As the first voice to ever be heard on Clare FM, it is fitting that Ger Sweeney is the one to pen a book thirty years on from the radio’s foundation about those early days.
At midday on 10th September 1989, Ger introduced Spancil Hill as it was played on Clare FM, this being Jon Kenny’s reggae version as opposed to the original. On 12th November 2019, Launching Clare FM was officially unveiled by Cormac MacConnelll at the Buttermarket Building where over 135 people were present.
Launching Clare FM tells the story behind those responsible for starting the radio station, their competition to secure the licence plus the legalising of Irish radio stations. Memories are retold by members of the original team back in 1989, among them Mike Gardiner, Rachael English, Alan Cantwell, Caimin Jones, Áine Hensey and Marty Morrissey.
Within the county, Clare FM is an institution so it’s quite ironic that the idea of doing the book first crossed Ger’s mind while in another of the county’s iconic locations. “I was sitting in the lounge in Shannon Airport waiting to get on a flight, I was working through my head what was going to be happening for the next few months, when you’re freelancing you have to do that, I’m good at remembering dates, events and anniversaries so it dawned on me that Clare FM was thirty years old so I thought maybe it’s time I did something and I didn’t quite know what to do.
“Thirty years seemed to me to be a relatively long period of time, there is a great story in Clare FM some of them are quite current but there’s a great story in it. When I did think of it, we were too far into the year to spend months doing researching, what are we thinking about after thirty years, we’re remembering the launch so I started thinking about my involvement and how I get involved, one of the biggest questions I’m asked is ‘whatever happened to so and so, where did so and so go’ so there came the idea of a where are they know story, that’s how it all began,” he told The Clare Echo.
Born in Limerick City, radio has always been an obsession for Sweeney, the fact that as a youngster he used to put a transistor radio under his pillow as a youngster going to sleep further proof of this. Five days before his fourteenth birthday, he started working in radio alongside John ‘The Man’ Frawley on Raidió Luimní.
Eight years later, the CBS Sexton St past pupil was one of the new recruits signed up by Clare FM as it prepared to go on air for the first time. “I didn’t have any intention of moving to Ennis but within a week of starting work I was living here. A gorgeous town so I fell in love with it straight away”. It was at the Francis St studios that his profile soared, he fronted numerous shows but his stint as breakfast was where he did best, ‘wakey wakey time to get up’ his saying that listeners fondly remember. Doing breakfast turned out to be his favourite on-air slot.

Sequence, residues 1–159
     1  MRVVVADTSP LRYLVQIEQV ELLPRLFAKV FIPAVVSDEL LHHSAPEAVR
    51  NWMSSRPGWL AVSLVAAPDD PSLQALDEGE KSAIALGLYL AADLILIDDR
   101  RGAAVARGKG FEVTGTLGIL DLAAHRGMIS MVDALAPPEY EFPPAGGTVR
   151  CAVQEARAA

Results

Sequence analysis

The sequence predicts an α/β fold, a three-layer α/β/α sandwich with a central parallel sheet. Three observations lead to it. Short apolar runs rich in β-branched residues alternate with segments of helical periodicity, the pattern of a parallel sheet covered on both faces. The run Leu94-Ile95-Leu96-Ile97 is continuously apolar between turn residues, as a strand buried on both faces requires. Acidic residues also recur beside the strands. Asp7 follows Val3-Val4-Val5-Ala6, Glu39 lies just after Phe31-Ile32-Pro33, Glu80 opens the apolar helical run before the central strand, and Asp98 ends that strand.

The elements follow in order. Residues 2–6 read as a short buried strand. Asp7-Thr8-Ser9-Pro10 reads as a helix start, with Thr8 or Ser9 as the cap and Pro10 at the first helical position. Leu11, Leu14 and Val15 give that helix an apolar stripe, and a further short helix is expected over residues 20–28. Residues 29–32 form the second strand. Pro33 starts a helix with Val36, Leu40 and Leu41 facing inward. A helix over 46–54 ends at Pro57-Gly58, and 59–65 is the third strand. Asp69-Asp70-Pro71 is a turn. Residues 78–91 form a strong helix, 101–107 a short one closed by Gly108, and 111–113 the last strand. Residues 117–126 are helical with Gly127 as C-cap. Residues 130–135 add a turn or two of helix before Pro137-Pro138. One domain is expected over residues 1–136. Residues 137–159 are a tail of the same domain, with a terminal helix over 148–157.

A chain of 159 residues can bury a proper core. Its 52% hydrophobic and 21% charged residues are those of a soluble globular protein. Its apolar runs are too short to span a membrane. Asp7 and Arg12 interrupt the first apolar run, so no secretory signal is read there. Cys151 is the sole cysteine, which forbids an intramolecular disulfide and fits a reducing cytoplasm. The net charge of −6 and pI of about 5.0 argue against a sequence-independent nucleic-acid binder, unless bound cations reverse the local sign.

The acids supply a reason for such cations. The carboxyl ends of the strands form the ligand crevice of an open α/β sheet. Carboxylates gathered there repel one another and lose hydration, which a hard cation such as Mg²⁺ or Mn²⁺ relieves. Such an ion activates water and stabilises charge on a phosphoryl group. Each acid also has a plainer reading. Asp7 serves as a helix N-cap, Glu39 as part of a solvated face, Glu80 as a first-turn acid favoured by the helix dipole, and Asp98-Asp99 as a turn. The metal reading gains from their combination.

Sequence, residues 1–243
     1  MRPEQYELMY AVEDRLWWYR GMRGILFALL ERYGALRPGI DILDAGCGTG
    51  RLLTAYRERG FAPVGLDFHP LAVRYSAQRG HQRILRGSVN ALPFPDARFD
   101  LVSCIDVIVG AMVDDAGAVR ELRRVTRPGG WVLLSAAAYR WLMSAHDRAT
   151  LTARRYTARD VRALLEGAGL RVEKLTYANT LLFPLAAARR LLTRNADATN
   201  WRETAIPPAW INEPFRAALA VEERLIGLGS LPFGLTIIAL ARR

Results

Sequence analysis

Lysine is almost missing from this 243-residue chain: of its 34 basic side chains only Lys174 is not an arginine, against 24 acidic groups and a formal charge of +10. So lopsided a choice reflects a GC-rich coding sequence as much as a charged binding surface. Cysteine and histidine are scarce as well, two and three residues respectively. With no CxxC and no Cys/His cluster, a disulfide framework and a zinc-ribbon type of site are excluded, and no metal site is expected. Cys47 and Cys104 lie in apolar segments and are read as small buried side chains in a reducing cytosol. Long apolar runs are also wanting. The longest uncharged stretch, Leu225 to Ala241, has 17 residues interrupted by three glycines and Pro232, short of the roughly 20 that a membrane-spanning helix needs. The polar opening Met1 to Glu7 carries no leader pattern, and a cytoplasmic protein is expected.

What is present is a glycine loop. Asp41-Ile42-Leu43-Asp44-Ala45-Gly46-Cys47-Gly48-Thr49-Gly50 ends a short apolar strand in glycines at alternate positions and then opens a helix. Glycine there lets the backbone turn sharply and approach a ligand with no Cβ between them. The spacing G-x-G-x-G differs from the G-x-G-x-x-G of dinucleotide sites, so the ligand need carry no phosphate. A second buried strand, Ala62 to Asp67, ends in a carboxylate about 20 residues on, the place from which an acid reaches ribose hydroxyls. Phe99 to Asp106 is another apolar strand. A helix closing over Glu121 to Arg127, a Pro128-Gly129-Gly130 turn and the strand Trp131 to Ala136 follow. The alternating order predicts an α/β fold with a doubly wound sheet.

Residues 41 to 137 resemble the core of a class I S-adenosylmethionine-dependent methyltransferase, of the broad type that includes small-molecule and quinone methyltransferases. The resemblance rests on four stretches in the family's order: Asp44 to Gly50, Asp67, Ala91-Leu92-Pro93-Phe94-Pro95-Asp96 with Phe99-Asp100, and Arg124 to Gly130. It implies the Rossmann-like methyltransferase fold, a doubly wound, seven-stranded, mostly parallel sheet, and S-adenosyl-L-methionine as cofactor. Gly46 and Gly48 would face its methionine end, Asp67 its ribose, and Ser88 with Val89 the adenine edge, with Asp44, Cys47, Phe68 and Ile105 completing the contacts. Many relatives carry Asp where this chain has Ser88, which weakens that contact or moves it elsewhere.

“What I always used say about breakfast was there was a reason to be on the radio, you were getting people out of bed, you were trying to start their day with a smile, give a bouncy kind of introduction to the day, make them happy. I did afternoon programmes and I’d often say to myself ‘what’s my purpose, what am I doing, what am I adding to someone’s day here’, I used struggle with what. Mid-morning heading into lunchtime, you’re getting them over 11am and into lunchtime. With breakfast, there was a reason to be there”.
He has left Clare FM on three occasions and is now a freelance broadcaster working with TalkRadio Europe among others. Like him many others have come and gone from Francis St, when asked who he felt was the best presenter on the station, Ger picked out different personnel for different genres.
“You’ll travel a very long way to find somebody who is as good as Colum McGrath. The talk radio side of it, you have to go back to Caimin Jones in 1989, that guy created a national audience in a local environment and produced a world-class programme that the local people could relate to, he pitched it so perfectly. Cormac MacConnell was able to hold his audience no matter what he did. Then you’ve got Gardiner, he could play the same forty songs every Saturday and Sunday and they’d still love him because that is what they want, Gardiner delivers in the way that the listener wants which is terrific. Matthew McMahon in the commentary box was phenomenal as is Syl O’Connor today”.
Writing the book Sweeney described as “a phenomenal experience” and one which made him “long for thirty years ago at times”. Will radio still be here come 2049 with the need for a volume two type book on Clare FM?
“There will be something here. The radio landscape is changing, everybody in the book talks about that, they talk about how you could have a radio station in your front room if you want to. It was Áine Hensey said that our generation or people ten years younger than us will be the last full-time radio presenters ever because you’re going to have people coming in doing the gig and going away which is happening in a lot of places at the moment. Whereas when we were full-time we were working on other programmes, we were cutting ads, doing all sorts of stuff, it was a different time”.
Retailing at €15, Launching Clare FM is available to buy online by clicking HERE. Details of stores stocking copies of the book are also at the link.